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Interview: Congolese sanctuary offers child soldiers hope of readjustment

Years of civil war and poverty have turned more than 30,000 Congolese children into soldiers. Many are orphans with nowhere to turn to. Achim Koch, of the German development agency GTZ, runs a special place for them.

Achim Koch

Achim Koch directs operations for the German relief program GTZ in Congo

Many Congolese child soldiers have lost their homes and families, and are alone in a country where 62 million people are malnourished and mostly without access to health care or education.

Achim Koch directs a team from the German development agency GTZ in the Democratic Republic of Congo and has runs several projects aimed at reintegrating child soldiers into society. Deutsche Welle's Peter Zimmerman spoke to him.

Peter Zimmerman: When you're confronted with a child who has been to war, what do you see?

Achim Koch: They're very peaceful… very peaceful. All of them have been forced to go to the army – to the miliz. That means they are very lucky that they came back out of it. And now they get a possibility to find another existence in society besides being a soldier.

Former child soldiers learn electrical skills

Child soldiers need to learn a skill to reintegrate isuccessfully into society

Supposing they have that good fortune… it seems very difficult for them to find their way back into society. Is the society they are coming back to peaceful?

No. We're dealing with a very fragile situation – there is no presence of any kind of 'state' in this area. Therefore, of course, it is not peaceful. But after that long period of war, everybody is really very happy that the war is finished and now they can live – more or less – in stability.

What questions does a child who has come out of war ask?

They have no questions. They have no remarks. They have no demands. They just wait to see if it's possible to get some help, some money and some protection. But they do not ask by themselves.

How do you come together with child soldiers for first time?

Well, we have an open space in an area of Congo. Our space is open for everybody with all protections necessary against unknown circumstances. They come, stay and look around themselves. Step by step we start to discuss what can happen next.

Kindu, Congo

Kindu, Congo: Some 62 million people in Congo are malnourished

What can happen next?

It depends on their situation. If they have been forced to go to the army and leave primary school, they can get the possibility to finish primary school with a UNICEF program. If they finished primary school before becoming child soldiers, they might be interested in working to earn money. That means giving them a professional education. We offer more than 35 possibilities including traditional jobs like a carpenter, tailor or fisherman. They might learn to become technicians and repair bicycles, motorbikes or even lorries. They can also get a higher professional education.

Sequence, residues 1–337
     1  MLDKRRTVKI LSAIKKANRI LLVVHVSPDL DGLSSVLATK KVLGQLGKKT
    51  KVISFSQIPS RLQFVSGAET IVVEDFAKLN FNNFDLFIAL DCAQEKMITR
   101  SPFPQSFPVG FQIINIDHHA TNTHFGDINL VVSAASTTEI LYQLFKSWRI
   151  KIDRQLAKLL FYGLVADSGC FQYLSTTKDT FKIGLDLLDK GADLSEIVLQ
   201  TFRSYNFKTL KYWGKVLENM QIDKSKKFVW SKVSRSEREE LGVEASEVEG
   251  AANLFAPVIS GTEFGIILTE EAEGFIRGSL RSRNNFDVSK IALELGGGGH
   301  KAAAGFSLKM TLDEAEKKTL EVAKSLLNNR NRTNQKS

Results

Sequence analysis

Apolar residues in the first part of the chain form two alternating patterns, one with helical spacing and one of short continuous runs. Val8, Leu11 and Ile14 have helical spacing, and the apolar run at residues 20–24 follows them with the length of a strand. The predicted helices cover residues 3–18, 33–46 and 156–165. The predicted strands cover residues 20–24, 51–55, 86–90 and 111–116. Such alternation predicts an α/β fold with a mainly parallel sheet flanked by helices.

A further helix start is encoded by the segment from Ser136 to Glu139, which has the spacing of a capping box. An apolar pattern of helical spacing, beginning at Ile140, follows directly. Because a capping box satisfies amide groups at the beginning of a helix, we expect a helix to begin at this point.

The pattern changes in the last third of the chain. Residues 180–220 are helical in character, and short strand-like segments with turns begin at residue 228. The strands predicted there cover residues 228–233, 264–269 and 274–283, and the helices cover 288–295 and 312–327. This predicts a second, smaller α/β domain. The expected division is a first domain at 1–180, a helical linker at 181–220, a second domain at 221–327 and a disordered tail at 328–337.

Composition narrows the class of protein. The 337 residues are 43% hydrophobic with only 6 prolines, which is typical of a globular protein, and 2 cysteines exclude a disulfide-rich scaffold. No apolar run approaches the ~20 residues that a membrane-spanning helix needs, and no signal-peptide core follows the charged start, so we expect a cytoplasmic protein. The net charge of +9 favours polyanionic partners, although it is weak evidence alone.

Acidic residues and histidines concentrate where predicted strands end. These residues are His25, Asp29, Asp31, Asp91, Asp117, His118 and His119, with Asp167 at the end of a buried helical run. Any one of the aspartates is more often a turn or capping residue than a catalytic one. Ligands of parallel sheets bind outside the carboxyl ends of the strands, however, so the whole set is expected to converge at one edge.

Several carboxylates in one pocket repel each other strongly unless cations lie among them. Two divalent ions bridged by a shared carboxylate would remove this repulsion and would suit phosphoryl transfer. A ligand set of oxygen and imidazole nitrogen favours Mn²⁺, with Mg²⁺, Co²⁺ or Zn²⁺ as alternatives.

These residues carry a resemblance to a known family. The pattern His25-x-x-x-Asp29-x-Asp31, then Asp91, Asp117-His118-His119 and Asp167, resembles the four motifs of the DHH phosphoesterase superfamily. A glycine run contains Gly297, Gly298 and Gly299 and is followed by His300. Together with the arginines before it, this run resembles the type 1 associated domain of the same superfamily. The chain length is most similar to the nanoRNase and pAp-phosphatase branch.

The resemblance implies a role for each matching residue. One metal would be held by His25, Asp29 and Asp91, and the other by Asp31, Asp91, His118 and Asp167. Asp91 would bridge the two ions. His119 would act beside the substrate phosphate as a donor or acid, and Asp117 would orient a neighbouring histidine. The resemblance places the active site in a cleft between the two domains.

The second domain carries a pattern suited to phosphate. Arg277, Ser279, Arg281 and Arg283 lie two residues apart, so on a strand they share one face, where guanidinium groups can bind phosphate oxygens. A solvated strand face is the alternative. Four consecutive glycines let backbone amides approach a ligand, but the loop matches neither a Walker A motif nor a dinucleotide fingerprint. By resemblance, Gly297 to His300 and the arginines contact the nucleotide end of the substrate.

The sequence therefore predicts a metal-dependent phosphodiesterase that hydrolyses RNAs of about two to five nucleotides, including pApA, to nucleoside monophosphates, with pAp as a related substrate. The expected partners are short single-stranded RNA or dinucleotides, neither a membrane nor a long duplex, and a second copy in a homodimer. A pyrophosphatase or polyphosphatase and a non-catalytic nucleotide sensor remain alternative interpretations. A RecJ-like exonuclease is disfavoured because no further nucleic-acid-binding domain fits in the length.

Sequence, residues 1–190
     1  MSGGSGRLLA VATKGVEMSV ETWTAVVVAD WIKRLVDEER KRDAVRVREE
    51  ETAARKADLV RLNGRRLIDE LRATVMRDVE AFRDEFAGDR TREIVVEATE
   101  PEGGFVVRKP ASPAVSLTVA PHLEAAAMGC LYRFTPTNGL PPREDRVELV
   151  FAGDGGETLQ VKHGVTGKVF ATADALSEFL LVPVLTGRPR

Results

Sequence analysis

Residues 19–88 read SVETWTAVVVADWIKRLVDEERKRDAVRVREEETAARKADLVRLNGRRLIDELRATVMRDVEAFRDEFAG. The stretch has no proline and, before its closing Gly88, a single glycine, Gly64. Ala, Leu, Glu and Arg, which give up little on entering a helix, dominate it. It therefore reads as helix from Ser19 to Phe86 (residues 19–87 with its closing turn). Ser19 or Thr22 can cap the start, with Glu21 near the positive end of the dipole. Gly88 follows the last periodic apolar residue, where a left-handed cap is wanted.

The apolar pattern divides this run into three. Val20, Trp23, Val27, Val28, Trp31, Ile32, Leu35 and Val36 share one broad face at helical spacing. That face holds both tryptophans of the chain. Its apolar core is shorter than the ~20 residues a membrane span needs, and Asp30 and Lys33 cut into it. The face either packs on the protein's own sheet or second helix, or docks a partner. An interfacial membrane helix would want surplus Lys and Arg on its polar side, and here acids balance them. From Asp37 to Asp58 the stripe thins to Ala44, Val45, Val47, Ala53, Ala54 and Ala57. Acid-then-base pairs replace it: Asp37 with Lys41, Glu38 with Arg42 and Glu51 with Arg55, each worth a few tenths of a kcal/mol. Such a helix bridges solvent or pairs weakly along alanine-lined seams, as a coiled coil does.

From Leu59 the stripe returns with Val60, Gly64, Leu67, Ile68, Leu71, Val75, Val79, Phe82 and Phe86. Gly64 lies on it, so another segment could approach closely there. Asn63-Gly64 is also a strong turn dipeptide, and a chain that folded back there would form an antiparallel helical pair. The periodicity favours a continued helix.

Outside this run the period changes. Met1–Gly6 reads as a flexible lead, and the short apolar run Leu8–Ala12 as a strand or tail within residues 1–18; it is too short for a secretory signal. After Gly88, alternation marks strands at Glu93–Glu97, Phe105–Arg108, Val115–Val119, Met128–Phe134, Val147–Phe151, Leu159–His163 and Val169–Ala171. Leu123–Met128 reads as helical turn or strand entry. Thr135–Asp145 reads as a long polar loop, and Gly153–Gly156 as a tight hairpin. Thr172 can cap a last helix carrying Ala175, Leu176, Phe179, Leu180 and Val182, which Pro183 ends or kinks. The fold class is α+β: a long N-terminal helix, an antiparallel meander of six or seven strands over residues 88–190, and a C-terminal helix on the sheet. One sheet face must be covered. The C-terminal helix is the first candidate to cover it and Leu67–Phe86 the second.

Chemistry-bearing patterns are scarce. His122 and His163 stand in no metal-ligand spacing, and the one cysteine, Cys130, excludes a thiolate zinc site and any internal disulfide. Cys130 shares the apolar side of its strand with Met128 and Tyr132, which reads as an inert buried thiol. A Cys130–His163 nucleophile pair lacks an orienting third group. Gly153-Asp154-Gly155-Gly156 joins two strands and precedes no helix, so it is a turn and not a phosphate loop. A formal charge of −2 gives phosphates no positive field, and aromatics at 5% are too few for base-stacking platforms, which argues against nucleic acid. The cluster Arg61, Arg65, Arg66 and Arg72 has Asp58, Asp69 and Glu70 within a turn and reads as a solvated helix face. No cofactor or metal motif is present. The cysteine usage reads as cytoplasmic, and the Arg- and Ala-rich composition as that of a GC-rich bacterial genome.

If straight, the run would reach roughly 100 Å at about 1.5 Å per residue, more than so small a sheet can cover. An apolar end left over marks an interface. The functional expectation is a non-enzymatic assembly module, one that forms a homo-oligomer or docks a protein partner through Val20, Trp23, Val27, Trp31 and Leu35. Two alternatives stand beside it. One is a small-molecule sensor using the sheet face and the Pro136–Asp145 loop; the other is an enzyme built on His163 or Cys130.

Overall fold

In general, knowledge has been killed along with people. For instance, they might not know that if they start to construct a chair, they will need nails. They don't have any knowledge of how it works – so many of the older people are dead. That is a situation which can be observed in all professional areas in eastern part of Congo.

It seems very difficult to find out what a child who has no hope and is very quiet needs. What are the practical difficulties you have in trying to help these children?

Child soldiers are not only victims of violence, they are also violent themselves. They do not have any ethical base and have done terrible things. Now they're coming back into a society and learning that everything they did is out of line with any kind of ethical way of thinking.

A Congolese child participating in a drum circle

War eradicated vast amounts of knowledge as people died

Do you have situations where somebody later comes to you at some stage to tell you about their development? Do they feel you have given them a chance or an opportunity to leave something horrible behind?

Well, this is not their way. They would never come and tell me they have succeeded or even thank me. But I am very often invited to their marriages and when their children are born. And there are many children with my name! I think this is also one way to show something like that.

Marriage is the end of their integration. When they are married, have a home and have their first babies, they are settled and reintegrated in society.

At the beginning the children are quiet. What do they ask for later on?

It's very simple. They would like to have a house – a roof over their heads – a wife and children. They want to be able to send their children to school and get medical attention if their wife or children are sick. They don't want to have to pay for it because they have no money. Often we are able to give them land, a house, seeds and tools. We teach them how to farm, because everybody forgot during the war.

Author: Peter Zimmermann / gps
Editor: Nathan Witkop

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